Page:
Lawsuit Contends Surveillance Database Is Too Lax on Reporting Criteria

Today’s post was shared by The Workers’ Injury Law & Advocacy Group and comes from www.nytimes.com

WASHINGTON — Intent on not overlooking clues about any terrorist plots after the attacks of Sept. 11, 2001, the government spread a now-familiar slogan: “If you see something, say something.” Less visibly, it built a national database to better harness reports of suspicious activity in the hunt for terrorists.

On Thursday, five California men opened a legal front over the recurring tensions between collective security measures and individual rights by filing a lawsuit that challenges the Suspicious Activity Reporting database. They contend that it is too easy for people engaged in innocuous activities to be put into the database and scrutinized as if they were a threat.

The plaintiffs include two white photographers who were confronted by security guards at a natural gas tank and by the police at a refinery; an Egyptian-American who tried to buy a large number of computers at a Best Buy store; a Pakistani-American who was looking around in a train station with his mother, who wore a Muslim head scarf; and a white Muslim convert who was looking at a flight simulator game on the Internet.

Each contends that he was added to the database for his behavior, although only two, according to previously disclosed government documents, have been able to prove it. The lawsuit argues that federal standards are too lax in allowing a security guard’s or a police officer’s report to be uploaded into the national database.

The Justice Department did not…

[Click here to see the rest of this post]

Prior results do not guarantee outcomes.
Attorney Advertising.

Catherine Stanton Joins EAC Network Board of Directors

Senior Partner Catherine Stanton

We are happy to announce that Senior Partner Catherine M. Stanton has joined the Board of Directors of EAC Network. Catherine is a long-time supporter of EAC Network and was honored at the agency’s annual Light of Hope Luncheon in 2013 for her outstanding support. She serves on the event’s Committee each year and has always been an invaluable friend to EAC Network.

“I’ve inundated Cathy with invitations and pleas to join our Board for some time now,” jests Lance Elder, President & CEO at EAC Network, “and knowing she takes such commitments very seriously, I was overjoyed when she finally accepted to be a part of our team.”

Catherine is no stranger to the nonprofit world.  She is involved in Brandworkers’ International, Big Brothers/Big Sisters, and Public Justice. And from 2012-2013  she  served as President of Workers’ Injury Law & Advocacy Group (WILG), a national non-profit membership organization dedicated to representing the interests of millions of workers and their families who, each year, suffer the consequences of workplace injuries and illnesses.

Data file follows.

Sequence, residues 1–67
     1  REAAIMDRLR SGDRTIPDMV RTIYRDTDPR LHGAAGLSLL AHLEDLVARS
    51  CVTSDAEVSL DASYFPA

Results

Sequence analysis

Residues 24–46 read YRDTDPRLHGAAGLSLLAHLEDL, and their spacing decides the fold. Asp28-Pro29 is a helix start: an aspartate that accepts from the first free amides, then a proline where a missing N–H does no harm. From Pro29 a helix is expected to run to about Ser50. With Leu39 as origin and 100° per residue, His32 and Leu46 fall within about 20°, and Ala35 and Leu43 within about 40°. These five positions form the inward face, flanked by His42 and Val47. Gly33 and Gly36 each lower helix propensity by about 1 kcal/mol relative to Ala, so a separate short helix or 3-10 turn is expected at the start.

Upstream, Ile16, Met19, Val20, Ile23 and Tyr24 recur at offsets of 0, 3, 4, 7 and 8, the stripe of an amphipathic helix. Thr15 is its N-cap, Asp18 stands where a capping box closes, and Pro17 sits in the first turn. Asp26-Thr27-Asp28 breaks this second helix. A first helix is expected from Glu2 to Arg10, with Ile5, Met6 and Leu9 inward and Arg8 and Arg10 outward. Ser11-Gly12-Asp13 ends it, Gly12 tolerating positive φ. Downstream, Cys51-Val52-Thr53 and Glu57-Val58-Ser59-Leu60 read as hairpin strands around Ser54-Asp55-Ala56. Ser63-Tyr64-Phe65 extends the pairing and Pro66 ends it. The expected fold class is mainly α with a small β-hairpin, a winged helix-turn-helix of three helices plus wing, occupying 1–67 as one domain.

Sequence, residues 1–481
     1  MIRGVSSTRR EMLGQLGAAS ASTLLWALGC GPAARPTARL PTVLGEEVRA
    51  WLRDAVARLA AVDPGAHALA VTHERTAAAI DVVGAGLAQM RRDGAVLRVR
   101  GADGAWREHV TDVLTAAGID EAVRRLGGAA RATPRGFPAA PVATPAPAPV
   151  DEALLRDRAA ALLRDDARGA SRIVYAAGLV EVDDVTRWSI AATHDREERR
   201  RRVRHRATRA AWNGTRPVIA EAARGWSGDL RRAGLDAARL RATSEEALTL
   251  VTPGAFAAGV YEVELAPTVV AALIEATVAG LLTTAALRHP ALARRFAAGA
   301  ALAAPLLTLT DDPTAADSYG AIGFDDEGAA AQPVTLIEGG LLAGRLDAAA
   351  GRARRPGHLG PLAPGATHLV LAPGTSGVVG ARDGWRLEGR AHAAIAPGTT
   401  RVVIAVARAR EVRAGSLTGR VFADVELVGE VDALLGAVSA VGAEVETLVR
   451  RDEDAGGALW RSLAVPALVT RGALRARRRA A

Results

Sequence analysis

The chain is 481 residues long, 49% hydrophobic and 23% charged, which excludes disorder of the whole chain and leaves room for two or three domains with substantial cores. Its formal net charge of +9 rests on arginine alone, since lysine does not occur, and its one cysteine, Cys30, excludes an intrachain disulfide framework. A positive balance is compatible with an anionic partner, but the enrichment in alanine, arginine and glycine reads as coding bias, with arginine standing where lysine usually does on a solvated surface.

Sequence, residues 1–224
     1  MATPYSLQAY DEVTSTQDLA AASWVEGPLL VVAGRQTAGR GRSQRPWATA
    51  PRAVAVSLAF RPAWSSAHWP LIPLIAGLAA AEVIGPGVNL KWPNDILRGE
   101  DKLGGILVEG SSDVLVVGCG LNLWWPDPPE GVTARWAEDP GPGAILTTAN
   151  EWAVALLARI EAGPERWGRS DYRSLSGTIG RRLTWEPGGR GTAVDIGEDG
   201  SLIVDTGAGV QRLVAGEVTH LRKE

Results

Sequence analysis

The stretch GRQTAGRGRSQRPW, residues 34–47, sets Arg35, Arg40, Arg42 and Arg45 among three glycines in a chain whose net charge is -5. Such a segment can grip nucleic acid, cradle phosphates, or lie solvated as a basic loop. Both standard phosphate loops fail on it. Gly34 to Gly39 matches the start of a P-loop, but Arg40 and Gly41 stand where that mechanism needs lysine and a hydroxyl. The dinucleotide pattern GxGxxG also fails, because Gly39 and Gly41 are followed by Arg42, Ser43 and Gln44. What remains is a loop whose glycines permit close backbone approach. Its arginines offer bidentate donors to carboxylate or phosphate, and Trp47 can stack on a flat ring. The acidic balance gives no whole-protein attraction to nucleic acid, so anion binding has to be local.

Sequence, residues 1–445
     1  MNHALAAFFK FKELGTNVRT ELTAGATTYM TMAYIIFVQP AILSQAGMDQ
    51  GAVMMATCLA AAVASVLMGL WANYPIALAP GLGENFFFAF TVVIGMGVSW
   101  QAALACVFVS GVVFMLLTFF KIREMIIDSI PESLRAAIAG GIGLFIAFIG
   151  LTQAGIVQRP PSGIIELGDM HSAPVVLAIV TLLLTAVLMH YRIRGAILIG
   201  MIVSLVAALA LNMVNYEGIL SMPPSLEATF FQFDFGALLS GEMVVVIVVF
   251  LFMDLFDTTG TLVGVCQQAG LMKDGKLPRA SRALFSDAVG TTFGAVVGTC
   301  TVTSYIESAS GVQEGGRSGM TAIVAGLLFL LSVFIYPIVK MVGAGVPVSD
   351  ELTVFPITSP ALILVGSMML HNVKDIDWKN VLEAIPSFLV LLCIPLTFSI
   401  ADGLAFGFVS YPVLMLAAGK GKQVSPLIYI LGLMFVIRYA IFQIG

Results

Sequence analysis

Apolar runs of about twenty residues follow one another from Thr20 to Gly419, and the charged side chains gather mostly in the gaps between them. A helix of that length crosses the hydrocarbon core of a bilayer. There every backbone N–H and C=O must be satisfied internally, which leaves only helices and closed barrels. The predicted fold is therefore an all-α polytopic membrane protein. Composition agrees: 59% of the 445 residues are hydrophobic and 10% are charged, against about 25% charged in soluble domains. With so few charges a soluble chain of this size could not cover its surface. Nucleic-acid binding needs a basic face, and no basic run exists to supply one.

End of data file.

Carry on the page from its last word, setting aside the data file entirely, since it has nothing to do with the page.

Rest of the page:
“I was hesitant to join the Board at first because I wanted to make sure I could offer EAC Network the attention and dedication it deserves.  I’m glad I can finally prioritize an agency that means so much to me,” says Catherine.

ABOUT EAC NETWORK
Founded in 1969, EAC Network is a not-for-profit human service agency with a network of 70 programs throughout Long Island and New York City. Last year, EAC Network helped over 57,400 people of all ages. Among those the organization assisted were children who have been physically or sexually abused, senior citizens needing support, people struggling with substance abuse and/or mental illness, youth in the foster care system, persons on public assistance seeking financial independence, adults and youth who are under or unemployed, individuals needing help to mediate disputes and families in crisis. For more information about EAC Network, please call 516.539.0150, visit www.eac-network.orgfacebook.com/eacnet, or our Twitter handle @EACNet.

Prior results do not guarantee outcomes.
Attorney Advertising.

Patient Access To Physicians Notes: An Experiment of Psychological Importance

Today’s post was shared by Gelman on Workplace Injuries and comes from well.blogs.nytimes.com

Photo Today’s post is shared from the NYTimes.com  What would happen if all workers’ compensation patients had access to all their treating physician’s records including pschiatric care? Would such access assist in limiting and increasing litigation for continued medical care and the need for medical treatment?